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BlackRock to create GEM hub in Asia in major restructure

BlackRock to create GEM hub in Asia in major restructure

In addition to the sweeping changes involving a shift from actively managed portfolios to quantitative investment strategies, BlackRock has decided to set Asia Pacific as its new global emerging markets hub, according to a spokesperson at the firm.

‘From an Asia perspective, we are adding resources to our investment teams and research capabilities to create a global emerging markets hub for BlackRock in Apac,’ said the BlackRock spokesperson.

As part of the move, the world’s largest asset manager is moving leadership for its GEM strategies to Asia, reflecting the importance of the Apac region to its emerging markets strategies.

The spokesperson at the firm said Andrew Swan, head of Asian equities’ role has now been expanded.

Andrew Swan, head of Asian equities, becomes head of Asian and global emerging markets equities, responsible for the wider core global emerging markets platform.

‘Emerging market teams will be led by Belinda Boa, as CIO of emerging markets, fundamental active equity, to bring about greater alignment and an exchange of insight throughout emerging markets professionals covering Latin America, emerging Europe and Asia equities.

'She remains as head of active investments for Asia Pacific, covering active equities, fixed income and multi-asset.'

Both Swan and Boa will be based in Hong Kong, according to the spokesperson.

Furthermore, Gordon Fraser, a portfolio manager in the global emerging market equity team, will be relocating to Hong Kong from London to assume portfolio management responsibilities alongside Swan for the global emerging markets core portfolio.

The firm noted that emerging markets is a global category that it intends to lead by unifying its GEM and Asia fundamental equities teams to create a global emerging markets platform and to generate alpha for clients.

‘In fact, Asia ex-Japan now comprises 70% of the MSCI Emerging Markets Index, and this could increase to 80% over the next 5-10 years if the Chinese A-share market sees full inclusion.’

Additionally, the firm is expanding local research capabilities, including the newly created role of Hong Kong-based head of research (not appointed yet) for the GEM team, to support its Asian equities and emerging markets franchises and benefit its global platform.

‘We have also appointed Doug Chow to become global head of active equities integration and data, based in Hong Kong,’ said the spokesperson.

The spokesperson said the focus of this positioning is to further leverage the scale and capabilities of BlackRock’s entire investment platform and to lead the industry in active equities by delivering sustainable alpha.

US changes

The Asia move is happening alongside changes to the US business. The New-York based fund house removed seven portfolio managers from their funds, which are actively managed, in a bid to pursue a quantitative investment approach.

According to Citywire Asia’s sister website Citywire USA, five out of the seven managers are leaving BlackRock.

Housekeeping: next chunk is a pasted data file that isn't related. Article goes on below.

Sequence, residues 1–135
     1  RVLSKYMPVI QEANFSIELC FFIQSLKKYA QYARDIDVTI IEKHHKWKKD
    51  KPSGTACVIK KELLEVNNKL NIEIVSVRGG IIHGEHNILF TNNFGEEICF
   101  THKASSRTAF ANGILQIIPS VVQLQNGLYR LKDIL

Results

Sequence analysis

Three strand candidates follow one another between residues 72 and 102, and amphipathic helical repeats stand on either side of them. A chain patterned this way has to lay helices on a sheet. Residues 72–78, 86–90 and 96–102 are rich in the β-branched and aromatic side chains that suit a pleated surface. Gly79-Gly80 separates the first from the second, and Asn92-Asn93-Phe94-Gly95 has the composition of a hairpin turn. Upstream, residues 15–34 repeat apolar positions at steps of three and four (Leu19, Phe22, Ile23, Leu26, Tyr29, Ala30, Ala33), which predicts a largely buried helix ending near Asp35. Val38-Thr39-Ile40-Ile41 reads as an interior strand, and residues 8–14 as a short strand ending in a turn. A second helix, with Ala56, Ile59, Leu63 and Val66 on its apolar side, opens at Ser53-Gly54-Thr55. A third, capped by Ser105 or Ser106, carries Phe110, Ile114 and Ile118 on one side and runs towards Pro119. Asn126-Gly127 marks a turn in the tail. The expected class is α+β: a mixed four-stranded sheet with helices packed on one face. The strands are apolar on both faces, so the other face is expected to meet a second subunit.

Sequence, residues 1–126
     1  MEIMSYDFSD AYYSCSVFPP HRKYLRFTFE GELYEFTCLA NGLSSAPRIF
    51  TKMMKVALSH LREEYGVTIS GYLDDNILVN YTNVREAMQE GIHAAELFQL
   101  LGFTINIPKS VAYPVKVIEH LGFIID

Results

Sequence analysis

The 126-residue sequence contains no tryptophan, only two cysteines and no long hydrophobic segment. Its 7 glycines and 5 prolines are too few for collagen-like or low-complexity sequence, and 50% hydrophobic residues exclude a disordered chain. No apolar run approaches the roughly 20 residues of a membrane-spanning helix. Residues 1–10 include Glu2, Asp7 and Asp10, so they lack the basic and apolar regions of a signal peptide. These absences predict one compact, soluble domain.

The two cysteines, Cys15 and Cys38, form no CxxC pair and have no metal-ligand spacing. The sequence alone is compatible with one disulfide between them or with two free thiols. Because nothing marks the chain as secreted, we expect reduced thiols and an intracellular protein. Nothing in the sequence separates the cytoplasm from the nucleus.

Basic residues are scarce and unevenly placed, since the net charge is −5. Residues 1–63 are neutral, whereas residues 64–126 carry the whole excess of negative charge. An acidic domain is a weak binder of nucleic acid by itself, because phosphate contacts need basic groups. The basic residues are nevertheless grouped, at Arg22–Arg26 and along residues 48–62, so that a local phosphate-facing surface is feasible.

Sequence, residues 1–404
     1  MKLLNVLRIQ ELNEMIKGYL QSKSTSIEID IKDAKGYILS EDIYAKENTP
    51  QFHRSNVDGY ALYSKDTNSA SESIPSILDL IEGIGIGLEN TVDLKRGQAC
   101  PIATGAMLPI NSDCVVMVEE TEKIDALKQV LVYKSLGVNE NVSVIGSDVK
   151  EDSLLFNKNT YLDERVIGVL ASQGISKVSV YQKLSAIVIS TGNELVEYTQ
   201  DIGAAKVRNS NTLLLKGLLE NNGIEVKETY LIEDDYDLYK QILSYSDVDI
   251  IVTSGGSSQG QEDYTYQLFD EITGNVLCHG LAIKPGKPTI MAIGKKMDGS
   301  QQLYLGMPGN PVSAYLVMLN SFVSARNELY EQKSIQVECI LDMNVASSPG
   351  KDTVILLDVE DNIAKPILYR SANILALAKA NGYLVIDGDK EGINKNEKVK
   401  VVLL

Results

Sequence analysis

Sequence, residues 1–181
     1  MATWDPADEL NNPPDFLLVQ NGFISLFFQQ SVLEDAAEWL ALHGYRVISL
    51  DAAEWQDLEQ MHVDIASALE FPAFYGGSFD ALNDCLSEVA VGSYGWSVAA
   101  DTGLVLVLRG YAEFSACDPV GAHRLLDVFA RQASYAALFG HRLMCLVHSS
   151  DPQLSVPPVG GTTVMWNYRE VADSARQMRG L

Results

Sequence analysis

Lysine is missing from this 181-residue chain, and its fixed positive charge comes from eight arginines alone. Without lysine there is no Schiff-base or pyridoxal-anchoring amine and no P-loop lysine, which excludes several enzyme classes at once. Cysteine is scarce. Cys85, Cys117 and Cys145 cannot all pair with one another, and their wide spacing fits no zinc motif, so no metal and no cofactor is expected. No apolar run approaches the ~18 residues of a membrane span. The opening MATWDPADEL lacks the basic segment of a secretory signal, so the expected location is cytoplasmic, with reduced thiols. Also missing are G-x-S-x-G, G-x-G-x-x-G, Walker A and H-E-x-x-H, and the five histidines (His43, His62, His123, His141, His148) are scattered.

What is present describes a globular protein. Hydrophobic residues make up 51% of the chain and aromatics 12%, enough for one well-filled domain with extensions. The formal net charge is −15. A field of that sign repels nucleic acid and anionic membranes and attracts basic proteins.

Luiz Soares, head of global emerging markets, and manager of the BlackRock Emerging Markets Dividend fund and BlackRock Emerging Markets fund;

Ian Jamieson, who ran a number of funds alongside Callan, including the International Opportunities and US Opportunities fund;

Murali Balaraman, who ran a number of small and mid cap funds, including the $882 million Global Small Cap fund;

John Coyle, who worked alongside Balaraman on these funds

• and Pete Stournaras, who ran seven large cap funds for the firm, including the $1.5 billion BlackRock Large Cap Core fund.

The two remaining ones are:

Bart Geer, the head of the basic value team who ran the $3.5 billion Basic Value fund, will step back from portfolio management and be an advisor at the firm.

Tom Callan, who ran a number of funds, including the $4.9 billion BlackRock Health Sciences Opportunities fund and the $1.2 billion US Opportunities fund, is to retire from fund management but retain a role with the firm.

The changes on the US side are said to have impacted around $30 billion of assets under management at the firm.

BlackRock has said it will pay out $25 million in severance and bonuses packages.

In a statement, Larry Fink, BlackRock CEO, said: ‘At the heart of BlackRock is a culture that embraces change and turns it into opportunity.'

The decision to move away from human stock picking was taken by Mark Wiseman, BlackRock global head of active equities, who joined the firm from the Canada Pension Plan Investment Board last year.

'Traditional methods of equity investing are being reshaped by massive advances in technology and data sciences,’ said Wiseman.

'At the same time, client preferences are shifting, focusing not just on outcomes but on how both performance and fees impact value.’

The firm is now segmenting its active equity product offerings into four product ranges to meet evolving client preferences, which includes launching the new BlackRock Advantage series of core alpha products.

The four product ranges will be core alpha; high conviction alpha; outcome oriented; and country and sector specialty.

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